Ever since 2000, when spacecraft observations revealed that Mars has a multitude of gullies that were probably carved by recent flows of water, planetary scientists have been hard-pressed to find a source of water that could do the job. The incentive to find liquid water on Mars is strong because such water could harbor life.
One leading proposal suggests that the gullies formed when water percolating just beneath the surface built up enough pressure to break through an overlying cap of ice and spill along the surface (SN: 7/1/00, p. 5: Martian leaks: Hints of present-day water). But the gullies typically are found at midlatitudes, where temperatures are so cold that the presence of liquid water is unlikely. Moreover, many gullies are isolated and lie near the rims of cliffs and craters, where researchers don’t expect to find groundwater seepage.
In an upcoming issue of Nature, Philip R. Christensen of Arizona State University in Tempe suggests that instead of the gully-forming water seeping up from below, it falls from above in the form of snow. When he examined pictures of the gully regions taken by the Thermal Emission Imaging System aboard the Mars Odyssey spacecraft, he saw light-colored material that to him resembled blankets of snow. Christensen recalls that seeing the images “was like a light bulb going off in my head; I’ve never had a moment like that before.”
To form gullies, he theorizes, the surface of a snow deposit mixes with the dust prevalent in the Martian atmosphere, creating a mixture that readily absorbs sunlight. This top layer would act like a thermal blanket, transmitting solar energy to more pristine layers of snow just a few centimeters beneath. In about 5,000 years, the heat would melt enough subsurface snow to erode the underlying rock and carve the gullies, Christensen calculates.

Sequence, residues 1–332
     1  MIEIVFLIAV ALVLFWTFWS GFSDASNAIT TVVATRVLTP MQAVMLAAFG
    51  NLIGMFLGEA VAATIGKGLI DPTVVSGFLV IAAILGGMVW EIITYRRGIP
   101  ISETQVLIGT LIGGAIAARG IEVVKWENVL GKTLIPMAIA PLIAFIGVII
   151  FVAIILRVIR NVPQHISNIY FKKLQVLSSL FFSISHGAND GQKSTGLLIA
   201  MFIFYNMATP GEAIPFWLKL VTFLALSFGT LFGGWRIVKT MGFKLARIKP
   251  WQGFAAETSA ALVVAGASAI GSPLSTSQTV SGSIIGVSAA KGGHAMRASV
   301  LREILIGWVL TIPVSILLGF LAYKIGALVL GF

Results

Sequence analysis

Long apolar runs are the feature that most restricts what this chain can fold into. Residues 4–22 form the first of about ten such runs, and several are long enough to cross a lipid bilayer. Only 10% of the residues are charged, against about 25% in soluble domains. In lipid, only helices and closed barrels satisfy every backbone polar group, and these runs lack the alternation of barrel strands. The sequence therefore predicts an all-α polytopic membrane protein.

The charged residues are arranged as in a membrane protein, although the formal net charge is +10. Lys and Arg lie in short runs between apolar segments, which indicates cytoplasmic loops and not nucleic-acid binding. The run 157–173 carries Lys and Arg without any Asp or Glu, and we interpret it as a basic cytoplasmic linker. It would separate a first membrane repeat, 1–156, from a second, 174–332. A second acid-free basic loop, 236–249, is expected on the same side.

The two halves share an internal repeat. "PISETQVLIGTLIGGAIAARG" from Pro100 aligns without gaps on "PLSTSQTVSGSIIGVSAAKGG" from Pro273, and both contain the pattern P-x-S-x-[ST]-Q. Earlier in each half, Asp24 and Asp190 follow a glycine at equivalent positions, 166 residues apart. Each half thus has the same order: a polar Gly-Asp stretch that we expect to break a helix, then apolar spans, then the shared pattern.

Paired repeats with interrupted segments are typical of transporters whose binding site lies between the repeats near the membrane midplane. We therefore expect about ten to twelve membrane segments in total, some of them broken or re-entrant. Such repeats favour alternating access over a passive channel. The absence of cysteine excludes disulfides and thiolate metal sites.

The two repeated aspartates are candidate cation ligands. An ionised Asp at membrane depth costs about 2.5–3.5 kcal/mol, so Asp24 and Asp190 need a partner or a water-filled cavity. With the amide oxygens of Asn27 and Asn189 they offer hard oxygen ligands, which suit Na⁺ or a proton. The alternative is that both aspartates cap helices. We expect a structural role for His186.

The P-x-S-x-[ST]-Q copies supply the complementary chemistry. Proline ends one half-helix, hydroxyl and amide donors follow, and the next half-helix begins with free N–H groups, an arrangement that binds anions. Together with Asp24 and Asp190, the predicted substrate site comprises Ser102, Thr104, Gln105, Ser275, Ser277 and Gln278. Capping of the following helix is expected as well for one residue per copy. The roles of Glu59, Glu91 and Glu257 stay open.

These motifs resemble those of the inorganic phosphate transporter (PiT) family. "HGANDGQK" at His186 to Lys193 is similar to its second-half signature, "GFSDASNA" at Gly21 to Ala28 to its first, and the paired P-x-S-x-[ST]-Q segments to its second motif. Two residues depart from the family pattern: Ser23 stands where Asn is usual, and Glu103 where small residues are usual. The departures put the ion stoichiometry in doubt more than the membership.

Each gully includes a channel hundreds of meters wide, tens of meters deep, and several kilometers long. According to Christensen’s model, a gully is only visible where the snow layer that created it has completely melted. Many others remain hidden, he says.
The deposition of snow could explain why some gullies reside in isolated spots: Snow happened to drape those regions at one time but has since melted. The model can also explain why gullies lie near but not at the very tops of craters and cliffs, Christensen says. Snow deposited any higher than a few hundred meters from the summits would evaporate.
Though unproven, Christensen’s model of gully formation “is more compelling than any of the others that have been put forward,” comments Bruce M. Jakosky of the University of Colorado in Boulder. The bottom line, he says, is that “as we continue to analyze the images and other data in more detail, we are finding increasing support for the idea that Mars has and has had water at and near the surface.”
Mars might have harbored life long ago, but the planet today “appears to be right on the verge of being habitable by microbes,” says Jakosky.
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